Assignments of rights and interests

As stipulated in U.S. intellectual property law, the creation automatically belongs to its creator. All registrations of the IP do not give ownership right, as many think. They prove it. The ownership right in intellectual property emerges at time of creation. The owners, who can be either creators or companies if the work was made for hire or buyers of the IP, register their rights to put the world on notice of their interest and prevent disputes.

 

Keeping the above-said in mind, if several people work together as partners or if the company retains employees/independent contractors, and there is a possibility or expectation that certain IP will be developed, it is crucially important to have all parties sign Assignment of Rights and Interests to the company in advance. In case when partners develop something and it is not assigned to the company, one of the partners can later leave and continue using the IP for his personal benefit. In some circumstances he can even prevent other partners from using it. When IP is developed by employees/contractors, the situation is similar. Due to the nature of IP, it may not be easy to prove what exactly was intended as ‘a work for hire’. Often people have initial ideas, and then during the work process they evolve into something different.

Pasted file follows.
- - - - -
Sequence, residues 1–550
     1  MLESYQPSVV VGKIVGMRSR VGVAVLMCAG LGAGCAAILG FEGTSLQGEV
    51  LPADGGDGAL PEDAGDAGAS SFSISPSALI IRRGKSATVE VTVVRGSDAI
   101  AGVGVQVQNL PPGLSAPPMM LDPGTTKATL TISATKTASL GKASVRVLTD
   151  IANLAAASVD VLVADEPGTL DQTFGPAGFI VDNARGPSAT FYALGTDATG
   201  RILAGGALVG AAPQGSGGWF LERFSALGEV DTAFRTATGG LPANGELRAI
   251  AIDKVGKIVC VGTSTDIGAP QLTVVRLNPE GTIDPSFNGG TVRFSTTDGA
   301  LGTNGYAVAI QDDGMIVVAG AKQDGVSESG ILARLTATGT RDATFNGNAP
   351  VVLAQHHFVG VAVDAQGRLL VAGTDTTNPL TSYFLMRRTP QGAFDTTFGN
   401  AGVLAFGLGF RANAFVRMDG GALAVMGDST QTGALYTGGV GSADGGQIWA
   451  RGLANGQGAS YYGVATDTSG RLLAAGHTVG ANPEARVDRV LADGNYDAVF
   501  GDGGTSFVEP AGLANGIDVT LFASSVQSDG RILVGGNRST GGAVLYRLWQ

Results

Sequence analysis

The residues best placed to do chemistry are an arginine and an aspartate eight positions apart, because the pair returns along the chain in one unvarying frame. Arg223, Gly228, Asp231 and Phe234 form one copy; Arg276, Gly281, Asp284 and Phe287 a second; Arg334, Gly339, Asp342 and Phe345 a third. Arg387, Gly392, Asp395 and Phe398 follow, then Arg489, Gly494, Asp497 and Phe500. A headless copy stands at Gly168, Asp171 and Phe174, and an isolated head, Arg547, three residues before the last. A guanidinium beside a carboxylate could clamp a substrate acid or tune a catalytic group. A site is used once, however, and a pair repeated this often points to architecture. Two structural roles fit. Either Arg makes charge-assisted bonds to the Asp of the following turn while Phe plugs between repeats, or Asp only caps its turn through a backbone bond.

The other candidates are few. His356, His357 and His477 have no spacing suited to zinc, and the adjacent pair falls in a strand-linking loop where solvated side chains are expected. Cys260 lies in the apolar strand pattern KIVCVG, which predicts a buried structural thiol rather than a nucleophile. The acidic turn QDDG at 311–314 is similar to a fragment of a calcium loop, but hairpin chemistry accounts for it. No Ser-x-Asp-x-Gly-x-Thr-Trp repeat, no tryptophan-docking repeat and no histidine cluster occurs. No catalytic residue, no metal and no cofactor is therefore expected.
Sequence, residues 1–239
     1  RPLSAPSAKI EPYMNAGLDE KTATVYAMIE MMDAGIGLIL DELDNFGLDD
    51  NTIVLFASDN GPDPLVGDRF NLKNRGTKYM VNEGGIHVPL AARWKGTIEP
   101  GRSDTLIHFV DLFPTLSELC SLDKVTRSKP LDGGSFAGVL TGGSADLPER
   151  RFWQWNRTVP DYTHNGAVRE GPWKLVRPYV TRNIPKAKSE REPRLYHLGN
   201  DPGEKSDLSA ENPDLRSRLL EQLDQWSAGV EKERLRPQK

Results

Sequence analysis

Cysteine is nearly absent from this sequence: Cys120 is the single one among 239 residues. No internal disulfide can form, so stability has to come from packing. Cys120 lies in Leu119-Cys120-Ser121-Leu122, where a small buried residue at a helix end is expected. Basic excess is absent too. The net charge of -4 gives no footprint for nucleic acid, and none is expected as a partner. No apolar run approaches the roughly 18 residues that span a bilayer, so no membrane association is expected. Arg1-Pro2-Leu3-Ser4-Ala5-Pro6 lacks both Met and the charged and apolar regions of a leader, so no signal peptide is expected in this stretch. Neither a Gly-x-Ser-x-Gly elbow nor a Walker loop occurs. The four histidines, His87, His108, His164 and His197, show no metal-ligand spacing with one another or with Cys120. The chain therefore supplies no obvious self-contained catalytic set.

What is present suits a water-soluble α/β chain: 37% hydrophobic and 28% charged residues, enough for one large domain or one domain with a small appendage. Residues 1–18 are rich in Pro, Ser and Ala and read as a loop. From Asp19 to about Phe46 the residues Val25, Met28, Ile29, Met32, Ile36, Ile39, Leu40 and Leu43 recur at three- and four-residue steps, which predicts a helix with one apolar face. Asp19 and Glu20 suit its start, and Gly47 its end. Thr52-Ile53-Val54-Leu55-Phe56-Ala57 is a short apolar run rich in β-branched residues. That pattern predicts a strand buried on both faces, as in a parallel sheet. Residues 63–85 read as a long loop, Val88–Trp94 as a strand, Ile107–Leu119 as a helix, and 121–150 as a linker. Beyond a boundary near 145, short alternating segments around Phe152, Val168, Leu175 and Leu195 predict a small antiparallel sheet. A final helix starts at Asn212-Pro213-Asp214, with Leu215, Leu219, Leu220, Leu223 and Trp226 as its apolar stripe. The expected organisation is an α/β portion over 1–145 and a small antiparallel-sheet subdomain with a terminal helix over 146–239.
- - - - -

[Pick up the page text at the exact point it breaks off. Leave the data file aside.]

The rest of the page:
While it is important to execute all agreements before IP is created, parties should be careful not to assign more than they intended. For example, if the agreement is overbroad and state “everything during the course of employment”, it literary means everything, including things a person may work on that are unrelated to the business of the company.

 

Another aspect is that either partners or employees may bring some IP to the company from outside (e.g. from previous employment). In this situation it is important to make sure that another company/person does not have interest in this IP. Usually this is done by reviewing an employment agreement, if there is any, and making a person to state in writing how he acquired the IP at issue and that to the best of his knowledge there are no other parties with ownership interest. Then, if this IP is to be used for the company’s business, it should be also either assigned to the company or leased. It is proper to have the spouse of the assignor sign these agreements as well to avoid any claim of marital property rights in the asset being assigned.

 

As I wrote in other articles on this site about intellectual property and related agreements, all assignment and licenses should contain detailed description of the IP being assigned/licensed, geographical area, time period, exclusivity to use, purpose of use, and all other terms and conditions the parties may want to consider with the assistance of an experienced attorney.

More in this category: « Spin-offs Non-compete agreements »

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